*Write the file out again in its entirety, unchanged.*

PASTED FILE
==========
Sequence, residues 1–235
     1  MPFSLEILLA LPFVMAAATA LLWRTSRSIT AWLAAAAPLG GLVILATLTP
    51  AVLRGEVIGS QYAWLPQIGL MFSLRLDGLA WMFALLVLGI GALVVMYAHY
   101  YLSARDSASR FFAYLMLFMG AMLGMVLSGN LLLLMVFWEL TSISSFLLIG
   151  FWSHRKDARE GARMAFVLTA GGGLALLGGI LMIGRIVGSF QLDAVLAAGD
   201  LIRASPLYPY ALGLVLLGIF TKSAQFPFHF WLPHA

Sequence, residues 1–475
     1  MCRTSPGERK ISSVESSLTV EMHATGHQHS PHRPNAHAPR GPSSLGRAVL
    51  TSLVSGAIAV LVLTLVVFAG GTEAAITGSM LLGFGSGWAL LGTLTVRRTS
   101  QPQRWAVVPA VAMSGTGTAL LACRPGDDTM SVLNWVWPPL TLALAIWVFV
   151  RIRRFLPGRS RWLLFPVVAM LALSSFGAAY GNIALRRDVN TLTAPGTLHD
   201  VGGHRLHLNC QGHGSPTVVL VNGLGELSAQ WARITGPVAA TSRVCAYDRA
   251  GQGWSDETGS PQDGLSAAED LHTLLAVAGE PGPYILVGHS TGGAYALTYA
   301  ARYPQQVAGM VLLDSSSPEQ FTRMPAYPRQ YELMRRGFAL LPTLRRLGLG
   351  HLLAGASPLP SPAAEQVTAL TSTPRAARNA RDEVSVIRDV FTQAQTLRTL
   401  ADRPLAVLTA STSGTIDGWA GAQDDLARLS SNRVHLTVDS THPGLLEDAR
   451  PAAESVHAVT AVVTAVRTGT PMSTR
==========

Sequence, residues 1–235
     1  MPFSLEILLA LPFVMAAATA LLWRTSRSIT AWLAAAAPLG GLVILATLTP
    51  AVLRGEVIGS QYAWLPQIGL MFSLRLDGLA WMFALLVLGI GALVVMYAHY
   101  YLSARDSASR FFAYLMLFMG AMLGMVLSGN LLLLMVFWEL TSISSFLLIG
   151  FWSHRKDARE GARMAFVLTA GGGLALLGGI LMIGRIVGSF QLDAVLAAGD
   201  LIRASPLYPY ALGLVLLGIF TKSAQFPFHF WLPHA

Sequence, residues 1–475
     1  MCRTSPGERK ISSVESSLTV EMHATGHQHS PHRPNAHAPR GPSSLGRAVL
    51  TSLVSGAIAV LVLTLVVFAG GTEAAITGSM LLGFGSGWAL LGTLTVRRTS
   101  QPQRWAVVPA VAMSGTGTAL LACRPGDDTM SVLNWVWPPL TLALAIWVFV
   151  RIRRFLPGRS RWLLFPVVAM LALSSFGAAY GNIALRRDVN TLTAPGTLHD
   201  VGGHRLHLNC QGHGSPTVVL VNGLGELSAQ WARITGPVAA TSRVCAYDRA
   251  GQGWSDETGS PQDGLSAAED LHTLLAVAGE PGPYILVGHS TGGAYALTYA
   301  ARYPQQVAGM VLLDSSSPEQ FTRMPAYPRQ YELMRRGFAL LPTLRRLGLG
   351  HLLAGASPLP SPAAEQVTAL TSTPRAARNA RDEVSVIRDV FTQAQTLRTL
   401  ADRPLAVLTA STSGTIDGWA GAQDDLARLS SNRVHLTVDS THPGLLEDAR
   451  PAAESVHAVT AVVTAVRTGT PMSTR